Postgraduate courses in Aviation

Aviation is an area that takes a great amount of knowledge, work, study and stamina. As a pilot you will need to work hard to gain your PPL (Private Pilot License) and then your ATPL (Airline Transport Pilot’s License) before you can advance and apply to work with an airline. 

There are many different types of pilots that are not just with commercial airlines such as pilots in the Air Corps and pilots transporting medical supplies. 

Aside from pilots, there are many other positions you can work in within aviation where a postgraduate degree would help in developing your knowledge to carry out the best performance you can.

What is aviation?

Put very simply, aviation is the flying or operating of an aircraft. It also refers to the activities and areas related to flight such as air traffic control. There are different types of aviation from medical transport and personal travel to commercial travel and search and rescue. Aviation plays a large role in multiple sectors and is very important in areas such as health, tourism, geography and law enforcement. 

Duties of a pilot

One of the more obvious jobs in relation to aviation is the pilot. While it takes an army of people to ensure the aircraft is ready to fly, safety precautions are taken outside the aircraft and so on, we will look into the job of an airline pilot, to give you an idea of what is involved.As an airline pilot, your working hours will depend on the flight schedule and can be anything from late night flights to early morning flights.

The day to day duties of a pilot may change but common duties carried out include: 

  • Create flight plans using information such as altitude, fuel and the route you will follow
  • Ensure you have all information such as passengers and weather
  • Ensure aircraft has enough fuel, supervise fuelling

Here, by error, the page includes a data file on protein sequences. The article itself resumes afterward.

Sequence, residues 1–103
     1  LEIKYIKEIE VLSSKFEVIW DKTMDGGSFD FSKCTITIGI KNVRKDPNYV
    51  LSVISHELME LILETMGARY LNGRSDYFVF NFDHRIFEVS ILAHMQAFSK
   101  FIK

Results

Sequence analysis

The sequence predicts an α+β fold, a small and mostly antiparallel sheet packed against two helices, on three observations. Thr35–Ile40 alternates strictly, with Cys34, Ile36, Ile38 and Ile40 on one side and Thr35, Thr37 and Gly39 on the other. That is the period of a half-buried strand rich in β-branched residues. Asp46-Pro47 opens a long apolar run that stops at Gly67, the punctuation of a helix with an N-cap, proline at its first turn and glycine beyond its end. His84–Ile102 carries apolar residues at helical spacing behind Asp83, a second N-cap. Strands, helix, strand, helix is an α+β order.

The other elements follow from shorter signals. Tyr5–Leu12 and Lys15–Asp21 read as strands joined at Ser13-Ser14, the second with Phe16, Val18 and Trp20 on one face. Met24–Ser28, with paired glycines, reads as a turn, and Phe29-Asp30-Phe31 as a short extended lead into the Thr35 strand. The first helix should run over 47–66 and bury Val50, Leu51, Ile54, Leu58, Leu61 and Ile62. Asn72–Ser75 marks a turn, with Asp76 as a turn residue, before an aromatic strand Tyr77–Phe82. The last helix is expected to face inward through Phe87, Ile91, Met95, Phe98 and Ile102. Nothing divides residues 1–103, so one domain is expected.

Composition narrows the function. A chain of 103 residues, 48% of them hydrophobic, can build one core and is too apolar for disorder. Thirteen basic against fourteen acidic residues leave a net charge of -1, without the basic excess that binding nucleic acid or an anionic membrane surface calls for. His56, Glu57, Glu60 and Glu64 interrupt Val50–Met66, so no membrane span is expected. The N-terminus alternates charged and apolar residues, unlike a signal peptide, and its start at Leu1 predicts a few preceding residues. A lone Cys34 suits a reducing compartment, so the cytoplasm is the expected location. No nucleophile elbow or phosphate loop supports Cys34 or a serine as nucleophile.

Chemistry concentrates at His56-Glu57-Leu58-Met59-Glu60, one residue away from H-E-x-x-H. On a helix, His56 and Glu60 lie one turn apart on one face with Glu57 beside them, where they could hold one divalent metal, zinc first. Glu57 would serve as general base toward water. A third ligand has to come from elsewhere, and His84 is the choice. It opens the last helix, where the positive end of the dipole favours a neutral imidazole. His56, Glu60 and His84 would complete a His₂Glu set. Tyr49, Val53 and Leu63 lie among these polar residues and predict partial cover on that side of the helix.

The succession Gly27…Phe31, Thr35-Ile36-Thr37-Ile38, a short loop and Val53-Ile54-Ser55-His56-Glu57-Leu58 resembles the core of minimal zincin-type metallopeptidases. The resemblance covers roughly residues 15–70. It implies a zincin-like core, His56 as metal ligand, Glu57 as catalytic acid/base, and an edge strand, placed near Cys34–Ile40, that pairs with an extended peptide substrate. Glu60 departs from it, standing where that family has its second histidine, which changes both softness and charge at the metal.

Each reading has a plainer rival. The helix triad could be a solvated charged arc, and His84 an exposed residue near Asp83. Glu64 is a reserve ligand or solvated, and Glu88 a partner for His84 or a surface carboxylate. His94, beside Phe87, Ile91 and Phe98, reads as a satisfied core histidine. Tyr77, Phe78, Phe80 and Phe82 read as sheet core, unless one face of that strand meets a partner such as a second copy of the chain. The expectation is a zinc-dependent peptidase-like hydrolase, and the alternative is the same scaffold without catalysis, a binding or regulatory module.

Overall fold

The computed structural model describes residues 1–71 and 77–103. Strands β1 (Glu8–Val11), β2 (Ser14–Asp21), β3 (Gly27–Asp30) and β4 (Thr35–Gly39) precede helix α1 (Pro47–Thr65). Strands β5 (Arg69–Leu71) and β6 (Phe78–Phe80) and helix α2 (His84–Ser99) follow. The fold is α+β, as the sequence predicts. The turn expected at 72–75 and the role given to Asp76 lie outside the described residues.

• Ensure all safety measure and precautions are carried out and all systems and equipment are working properly
  • Keep in regular contact with cabin crew before and  throughout flights
  • Pre-flight safety checks
  • Understand instrument use and data it supplies
  • Communicate with passengers keeping them updated on time of arrival, how the flight is going, turbulence etc
  • React quickly and calmly to emergencies or changes along the way
  • Keep and update logbook
  • Write a report after each flight – problems, how it went, challenges
  • Carry out regular checks on the aircraft

Courses

There are many courses to choose from across the UK. Some courses offer the opportunity to study either part time or full time. There may also be guidelines and rules in place due to Covid-19. Some courses available in this area include:

Aviation Management in the Digital Age

Postgraduate courses in this area allow students to establish a career in civil aviation and make sure they are up to date with all new and relevant information and knowledge. Students will focus on e-knowledge and e-strategies for managing the aviation system in today’s world. You will also gain research and analytical skills as well as gain advice on future career prospects. 

International Aviation Regulation and Law 

Courses in this area equip students with a great understanding of how regulation and law is developed, implemented and reviewed. They will also gain an understanding of how to develop organisational standard operating procedures and be sure they comply with relevant regulatory and legal frameworks. 

Other courses available include Aviations Management for Professionals, Business Management, Aviation and Security and International Tourism and Aviation Management, to name a few. 

Entry requirements 

Entry requirements will differ from course to course and university to university so it is important to research your particular course in detail to ensure you meet the criteria to apply. You will need a bachelor’s degree to apply for almost all courses. Some may require a 2.2 degree while others may require a 2.1 degree. Full course overviews can be found online for more information. 

Salary 

Salaries can differ depending on your specific job. It is important to note that, as a pilot, your salary may vary depending on the aircraft you’re flying or the company you work for. On average, it is believed that the salary of an aircraft pilot starts out around £24,000. First officers may earn between £36,000 to £48,000 while captains can earn up to £140,000. As an air traffic controller, you could usually earn up to £41,253. Seniority can also impact these wages. These figures are based on estimates and are intended to be used as a guide only. 

Skills and requirements 

Skills that can be helpful in this area include: 

  • Strong communication skills
  • Critical thinking skills
  • Ability to remain calm under pressure
  • Strong people skills
  • Positive attitude
  • Ability to work well with others
  • Leadership skills
  • A strong work ethic 
  • Flexible
  • Trustworthy and reliable 

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